The main organic pollutants associated with the “Zielona” landfill, identified in the contaminated groundwaters are: AOX—adsorbable organic halogen compounds (max 5.38 mg/L, avg. 3.03 mg/L, marked as a sum), phenol (max 613 mg/L, avg. 81 mg/L), octylphenols and octylphenoloxyethylene esters (max 1.8 mg/L, avg. 1.07 mg/L, marked as a sum), diphenylsulfone (max 1.63 mg/L, avg. 0.168 mg/L), aniline (max 1.92 mg/L) and toluidine (max 7.99 mg/L), hydroxybiphenyls (max 92 mg/L, avg. 11.27 mg/L), PAHs—polycyclic aromatic hydrocarbons, and organochlorine compounds (TCE, DCE, etc.).
There are favourable conditions in the studied area for a number of complex chemical reactions, including oxidation (decomposition) of organic matter in the groundwaters. Organic compounds migrating in the aquatic environment come from the industrial waste landfill (primary substances) but at the same time as a result of chemical reactions with other compounds (inorganic and organic) occurring within the contaminant plume, which are undergoing transformation. Therefore, new organic compounds (secondary substances) may form in the stream of contaminated groundwaters. Due to the diverse chemical composition of individual pollutant streams and different pH–Eh conditions, the chemical reactions of both decay and the formation of new compounds can take place in different directions, leading to a wide spectrum of products. Understanding all the hydrochemical changes, however, has its origin in understanding the geological and hydrogeological conditions that determine the direction of all processes.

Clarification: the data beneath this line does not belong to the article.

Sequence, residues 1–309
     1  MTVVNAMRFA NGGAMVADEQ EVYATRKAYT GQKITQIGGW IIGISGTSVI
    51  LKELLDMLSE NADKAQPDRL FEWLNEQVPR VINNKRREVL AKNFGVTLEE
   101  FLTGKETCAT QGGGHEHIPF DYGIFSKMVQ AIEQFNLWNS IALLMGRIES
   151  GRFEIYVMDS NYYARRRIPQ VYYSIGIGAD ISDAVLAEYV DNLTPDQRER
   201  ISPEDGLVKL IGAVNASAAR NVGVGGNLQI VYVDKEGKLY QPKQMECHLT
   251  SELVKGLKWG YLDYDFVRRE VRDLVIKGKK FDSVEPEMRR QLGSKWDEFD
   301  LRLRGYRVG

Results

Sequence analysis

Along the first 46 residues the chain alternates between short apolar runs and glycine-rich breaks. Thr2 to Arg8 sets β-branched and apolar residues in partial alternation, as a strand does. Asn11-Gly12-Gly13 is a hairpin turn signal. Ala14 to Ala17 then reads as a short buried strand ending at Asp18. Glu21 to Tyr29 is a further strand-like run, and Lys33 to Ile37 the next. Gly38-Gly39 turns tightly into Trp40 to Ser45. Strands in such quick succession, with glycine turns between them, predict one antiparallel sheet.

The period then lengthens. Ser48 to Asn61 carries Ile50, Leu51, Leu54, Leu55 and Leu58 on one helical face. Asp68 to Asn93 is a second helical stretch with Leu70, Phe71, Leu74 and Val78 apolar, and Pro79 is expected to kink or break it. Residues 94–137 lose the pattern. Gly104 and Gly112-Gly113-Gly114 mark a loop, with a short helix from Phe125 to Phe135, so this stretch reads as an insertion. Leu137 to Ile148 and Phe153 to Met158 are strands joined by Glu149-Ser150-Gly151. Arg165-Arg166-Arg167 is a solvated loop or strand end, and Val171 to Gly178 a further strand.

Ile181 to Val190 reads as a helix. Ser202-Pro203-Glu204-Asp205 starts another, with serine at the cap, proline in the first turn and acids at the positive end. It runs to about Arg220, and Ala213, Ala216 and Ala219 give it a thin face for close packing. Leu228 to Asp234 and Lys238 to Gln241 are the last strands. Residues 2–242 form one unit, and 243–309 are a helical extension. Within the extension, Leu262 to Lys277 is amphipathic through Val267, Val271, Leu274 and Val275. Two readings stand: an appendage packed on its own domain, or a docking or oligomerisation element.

Currently, the area of the industrial waste landfill site is excluded from use. The topography is mostly flat, with surface elevations of 58–65 m above sea level. The shallow geology is dominated by a thick succession of Quaternary glaciofluvial deposits (sands and clays) down to a depth of around 40 m.
In the region of the landfill, Quaternary aquifers associated with fluvioglacial fine- and medium-grained sands, as well as gravels, occur in the hollow of low-permeable underlying formations. The groundwater table usually has an unconfined nature, but locally there are also thrust conditions, and the flow directions are partly determined by the presence of lenses of poorly permeable formations and the morphology of the underlying glacial tills’ ceiling. Based on head measurements in the monitoring wells and hydrogeological numeric modelling, the general direction of groundwater flow is toward the north-east into the Vistula River (Fig. 1). The unconfined groundwater table at the location varies seasonally and/or depends on the degree of filling of the western complex of a waste landfill site reaching an average depth of about 5 m below the ground level. The thickness of the aquifer in the Quaternary sands around the landfill reaches several or over a dozen meters. The filtration factor of these formations is within the range of 4.0 × 10–5 to 1.7 × 10–4 m/s (Narwojsz 1989, 2007; Smarzyński and Sadowski 2005). The studied area is under very strong influence of the Vistula River drainage, which is situated approximately 3 km away. The terrain surface is inclined towards the riverbed, with surface elevations of 38–45 m above sea level. Contaminated groundwater migrating into the Vistula River Valley runs in the surficial layer of sandy soil but often reveals on the surface.